both ways aka there and back again. It threw me for a while because why would I
only want a return ticket, when I need to get the place I’m returning from
first. #logic

Don’t be afraid to ask questions and feel like
an idiot. Try and be educated and non-annoying, but don’t be too bull-headed or
meek to seek answers when you’re lost. What’s logical to the locals is not
always logical to you/the rest of the world. When I traveled in Costa Rica, a
local made fun of me for booking a hostel ahead of time. When I traveled in the
UK, a local made fun of me for not booking more in advance. You just can’t win.
In England, trains will often arrive at a platform 10 minutes early and sit
there for a while. In Switzerland, I was chastised by the ticket conductor
inspector dude for taking the train that arrived on the platform 5 minutes
before the one I wanted. These mistakes may cost you more money than you had
wanted to dish out, but it’s never the end of the world.

your University of Nottingham admission letter with you every time you leave
the country.
Your student visa is only good for as long as you stay within
the UK, so they’ll have to reissue you one each time you return into the UK.
Which really ends up being just a new stamp they have to sign at customs.

There are student discounts everywhere. Look for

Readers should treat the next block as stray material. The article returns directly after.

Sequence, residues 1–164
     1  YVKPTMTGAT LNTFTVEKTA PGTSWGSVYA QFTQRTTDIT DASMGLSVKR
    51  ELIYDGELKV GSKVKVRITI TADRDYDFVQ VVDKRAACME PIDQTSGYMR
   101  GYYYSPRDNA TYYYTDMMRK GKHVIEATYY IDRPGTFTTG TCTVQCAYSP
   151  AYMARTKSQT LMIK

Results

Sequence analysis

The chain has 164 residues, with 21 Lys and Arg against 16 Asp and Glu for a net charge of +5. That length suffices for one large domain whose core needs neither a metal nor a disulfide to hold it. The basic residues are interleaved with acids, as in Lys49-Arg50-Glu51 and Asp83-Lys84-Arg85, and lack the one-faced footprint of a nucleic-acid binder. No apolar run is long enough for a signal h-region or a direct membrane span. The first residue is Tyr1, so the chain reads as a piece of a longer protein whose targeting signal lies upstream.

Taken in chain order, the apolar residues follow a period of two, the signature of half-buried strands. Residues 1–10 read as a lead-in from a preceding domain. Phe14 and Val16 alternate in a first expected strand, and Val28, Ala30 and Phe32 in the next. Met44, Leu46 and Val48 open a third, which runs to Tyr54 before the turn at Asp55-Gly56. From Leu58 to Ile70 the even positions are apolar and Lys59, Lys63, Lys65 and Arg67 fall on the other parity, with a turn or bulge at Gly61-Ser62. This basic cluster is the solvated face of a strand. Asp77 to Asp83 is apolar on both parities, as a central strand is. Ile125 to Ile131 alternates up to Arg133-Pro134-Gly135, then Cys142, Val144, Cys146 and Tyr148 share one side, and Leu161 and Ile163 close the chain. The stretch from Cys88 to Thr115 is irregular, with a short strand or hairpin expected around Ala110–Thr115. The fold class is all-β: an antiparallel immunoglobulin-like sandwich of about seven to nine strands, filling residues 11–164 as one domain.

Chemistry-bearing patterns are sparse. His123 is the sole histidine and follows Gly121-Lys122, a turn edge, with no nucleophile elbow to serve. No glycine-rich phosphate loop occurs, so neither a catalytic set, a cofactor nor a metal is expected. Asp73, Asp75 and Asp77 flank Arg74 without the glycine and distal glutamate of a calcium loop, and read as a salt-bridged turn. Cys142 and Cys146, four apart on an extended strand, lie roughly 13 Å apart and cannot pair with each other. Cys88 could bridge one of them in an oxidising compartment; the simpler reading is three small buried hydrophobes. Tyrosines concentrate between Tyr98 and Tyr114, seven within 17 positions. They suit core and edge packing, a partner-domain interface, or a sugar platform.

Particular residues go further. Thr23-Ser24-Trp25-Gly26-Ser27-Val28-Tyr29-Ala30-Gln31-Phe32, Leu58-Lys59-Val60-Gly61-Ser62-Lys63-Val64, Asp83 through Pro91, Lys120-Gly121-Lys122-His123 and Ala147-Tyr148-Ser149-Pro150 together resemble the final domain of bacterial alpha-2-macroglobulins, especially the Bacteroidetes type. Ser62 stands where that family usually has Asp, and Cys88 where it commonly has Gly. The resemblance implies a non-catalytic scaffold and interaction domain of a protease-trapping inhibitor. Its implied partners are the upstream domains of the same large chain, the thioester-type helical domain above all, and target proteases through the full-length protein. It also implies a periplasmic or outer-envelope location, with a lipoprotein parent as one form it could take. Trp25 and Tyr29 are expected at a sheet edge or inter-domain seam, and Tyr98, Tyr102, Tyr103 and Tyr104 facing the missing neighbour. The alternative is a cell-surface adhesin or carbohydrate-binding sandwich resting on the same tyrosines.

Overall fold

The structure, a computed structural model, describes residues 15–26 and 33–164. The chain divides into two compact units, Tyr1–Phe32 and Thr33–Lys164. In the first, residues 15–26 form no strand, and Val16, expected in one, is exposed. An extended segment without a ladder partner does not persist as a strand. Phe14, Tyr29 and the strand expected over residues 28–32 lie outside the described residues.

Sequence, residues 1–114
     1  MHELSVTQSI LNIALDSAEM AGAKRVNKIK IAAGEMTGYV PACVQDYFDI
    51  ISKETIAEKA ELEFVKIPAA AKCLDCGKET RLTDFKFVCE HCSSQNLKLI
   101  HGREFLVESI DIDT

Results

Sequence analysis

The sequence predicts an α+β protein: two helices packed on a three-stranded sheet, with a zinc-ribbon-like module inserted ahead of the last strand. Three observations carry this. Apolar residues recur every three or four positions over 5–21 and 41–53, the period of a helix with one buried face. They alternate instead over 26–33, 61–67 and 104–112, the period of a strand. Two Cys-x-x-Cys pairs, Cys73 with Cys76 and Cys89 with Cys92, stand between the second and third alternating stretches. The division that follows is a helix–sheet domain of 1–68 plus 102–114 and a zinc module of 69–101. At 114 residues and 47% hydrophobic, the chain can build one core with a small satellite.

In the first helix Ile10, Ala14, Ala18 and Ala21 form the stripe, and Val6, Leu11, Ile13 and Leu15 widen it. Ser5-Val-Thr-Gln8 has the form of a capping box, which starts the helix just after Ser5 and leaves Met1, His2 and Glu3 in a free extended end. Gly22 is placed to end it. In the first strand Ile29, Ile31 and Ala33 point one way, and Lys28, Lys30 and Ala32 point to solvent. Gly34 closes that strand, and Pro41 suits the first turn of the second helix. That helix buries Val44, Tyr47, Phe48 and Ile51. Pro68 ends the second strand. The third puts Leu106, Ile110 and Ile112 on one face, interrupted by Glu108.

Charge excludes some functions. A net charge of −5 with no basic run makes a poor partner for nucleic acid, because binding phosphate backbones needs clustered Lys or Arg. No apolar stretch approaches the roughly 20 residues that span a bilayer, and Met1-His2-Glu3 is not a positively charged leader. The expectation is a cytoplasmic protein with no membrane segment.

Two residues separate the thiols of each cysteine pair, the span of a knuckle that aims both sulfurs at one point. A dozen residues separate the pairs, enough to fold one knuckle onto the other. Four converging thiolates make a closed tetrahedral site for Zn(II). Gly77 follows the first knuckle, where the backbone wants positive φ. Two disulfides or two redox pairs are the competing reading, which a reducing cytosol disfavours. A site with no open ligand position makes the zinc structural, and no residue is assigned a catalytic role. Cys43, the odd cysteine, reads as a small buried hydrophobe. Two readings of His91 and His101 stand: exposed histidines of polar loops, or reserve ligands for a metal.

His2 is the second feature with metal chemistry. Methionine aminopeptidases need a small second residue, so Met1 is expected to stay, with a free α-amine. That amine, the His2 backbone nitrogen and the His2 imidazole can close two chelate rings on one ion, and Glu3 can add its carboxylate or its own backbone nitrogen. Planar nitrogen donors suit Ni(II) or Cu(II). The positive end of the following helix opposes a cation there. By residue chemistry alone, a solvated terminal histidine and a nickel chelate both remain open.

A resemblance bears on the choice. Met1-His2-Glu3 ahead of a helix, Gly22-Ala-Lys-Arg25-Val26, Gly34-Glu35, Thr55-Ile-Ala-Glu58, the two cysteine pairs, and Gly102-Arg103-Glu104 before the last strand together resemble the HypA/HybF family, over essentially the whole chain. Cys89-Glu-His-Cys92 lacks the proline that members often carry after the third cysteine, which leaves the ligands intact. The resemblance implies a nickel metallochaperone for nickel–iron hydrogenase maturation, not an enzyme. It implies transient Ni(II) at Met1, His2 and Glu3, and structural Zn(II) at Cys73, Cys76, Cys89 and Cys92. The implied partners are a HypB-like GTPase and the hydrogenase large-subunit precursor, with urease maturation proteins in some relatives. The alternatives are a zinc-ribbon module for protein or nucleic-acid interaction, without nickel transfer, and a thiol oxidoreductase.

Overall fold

them and don’t be afraid to ask for them.

Keep calm and hold onto your towel [But
actually, a towel can be a very useful thing to have]

On living in the dorms:

I have very
low standards. I can fall asleep almost anywhere and sleep through almost
anything. I have happily survived years of cramped dorm room living. So I was
actually happily surprised we each got our own room in the dorms. Howver,  like ice cubes in your drink, air
conditioning is an American thing.

On money:

look into getting a chip-and-pin card or a tap
card; most places accept magnetic strips for visa or mastercard, but it doesn’t
hurt to look into it – some people did run into trouble at automatic ticket
machines for trains/buses/metro

call your bank to tell them you’re leaving the
country and while you have them on the phone, make them expalin exactly what
charges you may incur by using your cards overseas. It may even be worth it to
look into a credit card that doesn’t charge foreign transaction fees